More manufacturers are now providing small- to medium-sized woodshops with complete spray systems, so a woodworker doesn’t need to shop separately for a pump, gun, and hose, and try to match elements from different suppliers. For example, the new Precision-5 Pro LE turbine from Apollo Sprayers (hvlp.com) includes all the equipment a shop needs to spray the widest range of solvent or water base clear or pigmented coatings such as lacquers, varnish and urethane, as well as specialized materials such as faux paints, gelcoat, latex (emulsion) and multi-spec. There’s a 5-stage turbine that delivers 10 psi of sealed pressure for optimum atomization. The Pro LE delivers about 80 percent of the coating to the surface, which can mean significant savings in material over compressed air systems. It can also handle up to 2-1/2 quarts (compared to a standard 1-quart cup), which means less downtime.
The Spray Station 5500 from Wagner (wagnerspraytech.com) includes a gun and a turbine combination that was specifically designed for coating cabinets and furniture in smaller woodshops. The gun has three Push N Click spray patterns, a paint volume control dial, and a dynamic control action trigger. The system can spray thinned latex, lacquers, urethanes, varnishes, oils, shellacs, stains, sealers, enamels, glazes and more.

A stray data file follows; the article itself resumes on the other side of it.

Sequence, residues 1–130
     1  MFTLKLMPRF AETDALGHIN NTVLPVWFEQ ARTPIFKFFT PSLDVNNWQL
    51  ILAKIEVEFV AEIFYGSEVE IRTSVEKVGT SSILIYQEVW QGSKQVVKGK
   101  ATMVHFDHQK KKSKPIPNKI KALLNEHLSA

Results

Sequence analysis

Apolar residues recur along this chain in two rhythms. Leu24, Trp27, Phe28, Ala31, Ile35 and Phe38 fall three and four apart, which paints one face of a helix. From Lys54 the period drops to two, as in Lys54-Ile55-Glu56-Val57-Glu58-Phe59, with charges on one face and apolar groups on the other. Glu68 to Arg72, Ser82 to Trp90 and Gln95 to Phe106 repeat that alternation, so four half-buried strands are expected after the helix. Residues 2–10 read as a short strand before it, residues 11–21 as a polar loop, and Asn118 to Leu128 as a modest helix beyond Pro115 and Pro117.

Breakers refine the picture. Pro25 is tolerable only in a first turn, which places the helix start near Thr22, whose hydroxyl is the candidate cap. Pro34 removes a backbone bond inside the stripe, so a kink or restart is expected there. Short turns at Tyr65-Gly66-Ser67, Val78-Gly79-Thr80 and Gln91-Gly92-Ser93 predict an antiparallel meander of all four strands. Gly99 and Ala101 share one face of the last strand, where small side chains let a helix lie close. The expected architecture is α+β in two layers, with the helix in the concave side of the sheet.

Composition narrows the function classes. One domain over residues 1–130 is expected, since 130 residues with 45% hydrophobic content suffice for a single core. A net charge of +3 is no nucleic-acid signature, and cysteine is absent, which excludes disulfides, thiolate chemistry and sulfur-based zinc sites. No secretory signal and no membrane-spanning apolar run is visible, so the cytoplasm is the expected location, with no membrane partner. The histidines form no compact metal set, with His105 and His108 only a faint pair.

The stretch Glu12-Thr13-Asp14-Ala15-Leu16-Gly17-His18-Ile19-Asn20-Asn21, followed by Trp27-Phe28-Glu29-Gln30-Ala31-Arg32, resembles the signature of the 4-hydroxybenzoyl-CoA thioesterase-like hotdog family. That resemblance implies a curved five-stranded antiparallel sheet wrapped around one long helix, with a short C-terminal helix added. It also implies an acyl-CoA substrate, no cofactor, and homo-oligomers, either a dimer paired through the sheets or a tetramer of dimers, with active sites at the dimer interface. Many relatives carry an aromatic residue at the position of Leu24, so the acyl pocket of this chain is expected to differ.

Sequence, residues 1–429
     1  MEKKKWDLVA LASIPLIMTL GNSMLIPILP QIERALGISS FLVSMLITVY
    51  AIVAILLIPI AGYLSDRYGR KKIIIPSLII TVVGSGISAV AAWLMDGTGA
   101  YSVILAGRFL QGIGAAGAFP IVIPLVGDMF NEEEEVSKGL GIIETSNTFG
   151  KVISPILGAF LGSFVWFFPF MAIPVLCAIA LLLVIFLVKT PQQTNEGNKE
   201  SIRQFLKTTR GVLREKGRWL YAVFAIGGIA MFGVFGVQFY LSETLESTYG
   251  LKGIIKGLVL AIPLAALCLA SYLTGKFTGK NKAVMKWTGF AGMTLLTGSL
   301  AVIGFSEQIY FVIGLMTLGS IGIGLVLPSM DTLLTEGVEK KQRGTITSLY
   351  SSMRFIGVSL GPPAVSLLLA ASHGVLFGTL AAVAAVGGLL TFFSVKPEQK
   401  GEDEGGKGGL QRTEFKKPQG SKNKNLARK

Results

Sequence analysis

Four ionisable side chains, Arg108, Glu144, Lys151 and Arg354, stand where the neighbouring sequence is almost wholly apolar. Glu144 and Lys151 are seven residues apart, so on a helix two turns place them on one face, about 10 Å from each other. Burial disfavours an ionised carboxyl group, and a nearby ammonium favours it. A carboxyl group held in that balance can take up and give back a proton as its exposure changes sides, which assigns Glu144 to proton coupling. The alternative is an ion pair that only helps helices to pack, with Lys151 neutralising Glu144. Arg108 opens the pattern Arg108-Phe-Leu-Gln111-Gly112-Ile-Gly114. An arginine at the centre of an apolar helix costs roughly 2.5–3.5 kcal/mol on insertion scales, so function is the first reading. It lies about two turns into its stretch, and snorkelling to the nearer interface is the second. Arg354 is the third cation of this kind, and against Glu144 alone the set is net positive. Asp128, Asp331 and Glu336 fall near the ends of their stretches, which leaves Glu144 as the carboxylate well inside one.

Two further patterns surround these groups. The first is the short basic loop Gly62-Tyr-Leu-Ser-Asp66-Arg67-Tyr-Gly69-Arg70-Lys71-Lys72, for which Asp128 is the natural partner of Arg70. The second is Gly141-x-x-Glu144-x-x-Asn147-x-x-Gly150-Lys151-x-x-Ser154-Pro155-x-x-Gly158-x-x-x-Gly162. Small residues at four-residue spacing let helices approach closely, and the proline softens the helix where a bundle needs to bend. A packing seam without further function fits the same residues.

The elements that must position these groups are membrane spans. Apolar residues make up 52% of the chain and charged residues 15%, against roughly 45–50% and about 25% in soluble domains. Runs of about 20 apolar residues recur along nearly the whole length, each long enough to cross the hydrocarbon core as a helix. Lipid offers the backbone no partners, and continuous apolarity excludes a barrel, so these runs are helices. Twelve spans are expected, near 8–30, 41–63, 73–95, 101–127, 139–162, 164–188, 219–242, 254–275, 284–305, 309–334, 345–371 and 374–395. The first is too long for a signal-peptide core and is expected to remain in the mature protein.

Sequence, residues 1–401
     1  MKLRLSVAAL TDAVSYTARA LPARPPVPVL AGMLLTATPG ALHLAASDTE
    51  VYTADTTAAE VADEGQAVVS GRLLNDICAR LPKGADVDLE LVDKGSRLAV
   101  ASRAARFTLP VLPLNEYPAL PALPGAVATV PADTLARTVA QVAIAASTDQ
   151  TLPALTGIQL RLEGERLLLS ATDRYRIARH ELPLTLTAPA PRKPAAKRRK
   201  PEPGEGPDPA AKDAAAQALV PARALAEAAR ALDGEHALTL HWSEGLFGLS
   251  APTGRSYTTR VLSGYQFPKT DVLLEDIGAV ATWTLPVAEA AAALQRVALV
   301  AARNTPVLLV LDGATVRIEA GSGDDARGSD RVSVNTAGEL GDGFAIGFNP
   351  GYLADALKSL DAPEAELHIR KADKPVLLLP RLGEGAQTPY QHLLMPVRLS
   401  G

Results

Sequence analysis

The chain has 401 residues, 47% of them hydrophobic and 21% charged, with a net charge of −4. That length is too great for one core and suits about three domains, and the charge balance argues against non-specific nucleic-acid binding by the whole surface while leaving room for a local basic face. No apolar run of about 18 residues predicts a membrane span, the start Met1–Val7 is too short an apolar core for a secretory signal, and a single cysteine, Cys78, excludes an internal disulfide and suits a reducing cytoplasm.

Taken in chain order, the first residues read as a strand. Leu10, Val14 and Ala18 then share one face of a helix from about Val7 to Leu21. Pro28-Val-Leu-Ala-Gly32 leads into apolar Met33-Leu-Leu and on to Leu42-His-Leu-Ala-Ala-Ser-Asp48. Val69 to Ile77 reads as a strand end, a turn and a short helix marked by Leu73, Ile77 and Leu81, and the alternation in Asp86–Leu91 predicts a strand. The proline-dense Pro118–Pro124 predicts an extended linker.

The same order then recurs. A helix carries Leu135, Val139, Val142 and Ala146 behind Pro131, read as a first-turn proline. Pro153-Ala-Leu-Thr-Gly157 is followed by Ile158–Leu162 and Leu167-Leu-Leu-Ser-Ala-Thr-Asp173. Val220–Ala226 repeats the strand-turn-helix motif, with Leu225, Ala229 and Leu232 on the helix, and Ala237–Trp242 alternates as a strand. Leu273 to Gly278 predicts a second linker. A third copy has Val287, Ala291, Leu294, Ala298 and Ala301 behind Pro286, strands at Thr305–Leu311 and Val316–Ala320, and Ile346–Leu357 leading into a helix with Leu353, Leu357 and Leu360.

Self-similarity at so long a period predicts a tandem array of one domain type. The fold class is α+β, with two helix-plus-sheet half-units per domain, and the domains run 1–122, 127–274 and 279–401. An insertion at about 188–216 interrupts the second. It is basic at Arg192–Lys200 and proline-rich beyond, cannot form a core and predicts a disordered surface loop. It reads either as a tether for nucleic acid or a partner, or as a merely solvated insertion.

Fuji Spray (fujispraysystems.com) offers three spraying systems, the DIY-Pro, the Mini-Mite Platinum, and the Q5 Platimum. The latter is intended for medium to heavy painting projects, as well as finishing cabinets, furniture and trim and comes in different power packages. Fuji says the Q5 Platinum is the quietest operating turbine on the market. It has psi ranges from 6.5 with the 3-stage model to 9.5 with the 5-stage unit, and a metal turbine case with a quick-change friction fit filter. It comes with a choice of three different HVLP turbine spray guns (T70, T75G, G-XPC), all of which include non-bleed stainless steel needle, nozzle, and fluid passages. These easy to assemble guns have horizontal, vertical and circle fan patterns and two cup capacities.
Grizzly Industrial (grizzly.com) offers a 10-liter paint tank with a gun, 10’ hose and pressure regulator (H8225). One gallon of paint fits inside the tank for minimal waste and clean-up. Designed for larger projects, it will deliver medium to high solid fluids including lacquers, stains, primers, multicomponent paints, clear coats, acrylics and epoxies.
Guns and controls